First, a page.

D’Backs owner says Justin Upton probably won’t be traded

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The Diamondbacks have been dangling Justin Upton on the trading block since the July 31 deadline, so they have a pretty good idea of what teams are willing to offer for the talented young outfielder.

And it doesn’t seem like they’re expecting a match.

Jon Heyman of CBS Sports heard from a source this weekend that there is a “90 percent chance” Upton will open the 2013 season with Arizona. “I think there’s a very high likelihood Justin will be in our starting outfield when we start the new season,” Diamondbacks owner Ken Kendrick added when asked.

The Rangers seemed like a potential suitor, but they informed the D’Backs at the general meetings earlier this month that they were not willing to include either of their two young shortstops — Jurickson Profar or Elvis Andrus — in a trade. The Diamondbacks want young staring pitching and a young infielder.

Upton, 25, batted .280/.335/.430 with 17 home runs, 18 stolen bases and 67 RBI in 150 games this past season. He is owed $9.75 million in 2013, then $14.25 million in 2014 and $14.5 million in 2015.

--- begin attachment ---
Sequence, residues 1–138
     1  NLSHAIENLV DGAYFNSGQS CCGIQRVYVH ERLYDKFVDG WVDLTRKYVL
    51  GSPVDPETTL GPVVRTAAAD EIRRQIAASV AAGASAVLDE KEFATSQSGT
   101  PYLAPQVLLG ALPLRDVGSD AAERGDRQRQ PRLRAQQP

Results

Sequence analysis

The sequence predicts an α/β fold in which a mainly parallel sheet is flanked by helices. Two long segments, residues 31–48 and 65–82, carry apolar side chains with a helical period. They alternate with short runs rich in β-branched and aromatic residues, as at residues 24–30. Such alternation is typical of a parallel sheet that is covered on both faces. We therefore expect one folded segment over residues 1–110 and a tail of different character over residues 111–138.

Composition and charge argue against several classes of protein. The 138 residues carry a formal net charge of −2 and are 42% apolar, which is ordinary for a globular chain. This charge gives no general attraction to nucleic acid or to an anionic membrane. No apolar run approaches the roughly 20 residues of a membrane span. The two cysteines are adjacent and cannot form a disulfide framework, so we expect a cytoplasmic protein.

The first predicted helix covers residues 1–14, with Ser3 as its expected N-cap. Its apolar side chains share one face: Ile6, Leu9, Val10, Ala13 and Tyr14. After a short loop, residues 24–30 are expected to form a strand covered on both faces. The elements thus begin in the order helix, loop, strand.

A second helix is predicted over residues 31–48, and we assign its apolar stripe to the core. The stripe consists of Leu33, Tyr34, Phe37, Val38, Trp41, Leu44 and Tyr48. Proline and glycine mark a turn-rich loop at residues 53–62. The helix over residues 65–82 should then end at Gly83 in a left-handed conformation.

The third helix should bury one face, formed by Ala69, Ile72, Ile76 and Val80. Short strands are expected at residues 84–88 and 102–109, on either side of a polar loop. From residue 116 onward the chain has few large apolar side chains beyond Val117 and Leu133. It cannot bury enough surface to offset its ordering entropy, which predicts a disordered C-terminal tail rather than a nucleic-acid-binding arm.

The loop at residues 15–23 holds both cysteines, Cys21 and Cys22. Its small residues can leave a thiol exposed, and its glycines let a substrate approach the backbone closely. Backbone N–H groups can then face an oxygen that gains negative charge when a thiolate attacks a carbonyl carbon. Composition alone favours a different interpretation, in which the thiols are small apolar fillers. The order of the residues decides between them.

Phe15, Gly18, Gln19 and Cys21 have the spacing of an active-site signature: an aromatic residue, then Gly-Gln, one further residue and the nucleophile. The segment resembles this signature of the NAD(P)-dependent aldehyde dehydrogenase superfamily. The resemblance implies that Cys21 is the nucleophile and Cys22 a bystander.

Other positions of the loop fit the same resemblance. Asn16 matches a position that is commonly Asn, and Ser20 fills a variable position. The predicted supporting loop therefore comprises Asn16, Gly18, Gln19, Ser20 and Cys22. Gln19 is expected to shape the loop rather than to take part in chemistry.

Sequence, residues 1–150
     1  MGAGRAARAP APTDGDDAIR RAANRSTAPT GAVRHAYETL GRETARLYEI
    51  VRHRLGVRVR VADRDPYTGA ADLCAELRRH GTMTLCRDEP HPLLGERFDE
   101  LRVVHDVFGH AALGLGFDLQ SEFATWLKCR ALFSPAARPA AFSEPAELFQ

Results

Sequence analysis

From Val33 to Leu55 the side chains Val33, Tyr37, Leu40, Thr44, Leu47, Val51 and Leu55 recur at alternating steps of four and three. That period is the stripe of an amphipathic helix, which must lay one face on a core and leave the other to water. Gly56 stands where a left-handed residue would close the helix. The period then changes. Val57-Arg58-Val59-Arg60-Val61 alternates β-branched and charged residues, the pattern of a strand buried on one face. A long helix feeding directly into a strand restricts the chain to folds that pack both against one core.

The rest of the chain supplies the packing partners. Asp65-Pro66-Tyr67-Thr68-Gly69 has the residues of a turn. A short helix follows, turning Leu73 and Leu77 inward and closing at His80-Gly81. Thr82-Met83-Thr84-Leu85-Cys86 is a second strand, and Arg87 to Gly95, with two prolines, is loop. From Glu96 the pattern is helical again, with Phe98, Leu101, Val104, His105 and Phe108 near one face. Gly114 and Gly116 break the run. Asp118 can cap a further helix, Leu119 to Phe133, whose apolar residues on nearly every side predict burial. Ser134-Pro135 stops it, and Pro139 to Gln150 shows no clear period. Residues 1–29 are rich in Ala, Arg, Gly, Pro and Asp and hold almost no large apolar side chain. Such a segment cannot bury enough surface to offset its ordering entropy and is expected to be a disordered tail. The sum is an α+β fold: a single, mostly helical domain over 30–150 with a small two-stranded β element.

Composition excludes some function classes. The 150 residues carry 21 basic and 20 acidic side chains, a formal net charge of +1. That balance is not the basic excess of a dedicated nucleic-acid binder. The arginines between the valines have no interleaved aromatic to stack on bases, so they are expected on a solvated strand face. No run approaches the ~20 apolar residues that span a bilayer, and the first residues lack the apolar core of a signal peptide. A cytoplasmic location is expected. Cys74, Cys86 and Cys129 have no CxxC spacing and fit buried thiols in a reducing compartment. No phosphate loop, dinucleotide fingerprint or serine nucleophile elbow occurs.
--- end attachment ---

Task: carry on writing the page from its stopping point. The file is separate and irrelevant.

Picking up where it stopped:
Javier Baez, D.J. LeMahieu have disagreement about sign-stealing

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Fellow second basemen Javier Baez of the Cubs and D.J. LeMahieu of the Rockies got into a disagreement in the top of the third inning of Sunday’s game at Coors Field over sign-stealing.

LeMahieu reached on a fielder’s choice ground out, then advanced to second base on Charlie Blackmon‘s single. While Nolan Arenado and Trevor Story were batting, Baez was concerned that LeMahieu was relaying the Cubs’ signs to his teammates. Baez decided to stand in front of LeMahieu to block any information he might have been giving to Arenado and Story. LeMahieu got irritated and the two jawed at each other for a bit. Umpires Vic Carapazza and Greg Gibson had to intervene to tell Baez to knock it off.

There has always been a back-and-forth with alleged sign-stealing. As long as teams aren’t using technology to steal signs, it’s fair game for players to relay information to their teammates about the opposing team’s signs. Last year, MLB determined the Red Sox went against the rules and used technology — an Apple watch in this case — to steal signs from the Yankees. Other teams in the past have been accused of using binoculars from the bullpen to steal signs. In this particular case with Baez and LeMahieu, there was no foul play going on, just Baez trying to make the Rockies cede what he perceived to be their slight competitive advantage.

The Cubs went on to beat the Rockies 9-7 on Sunday.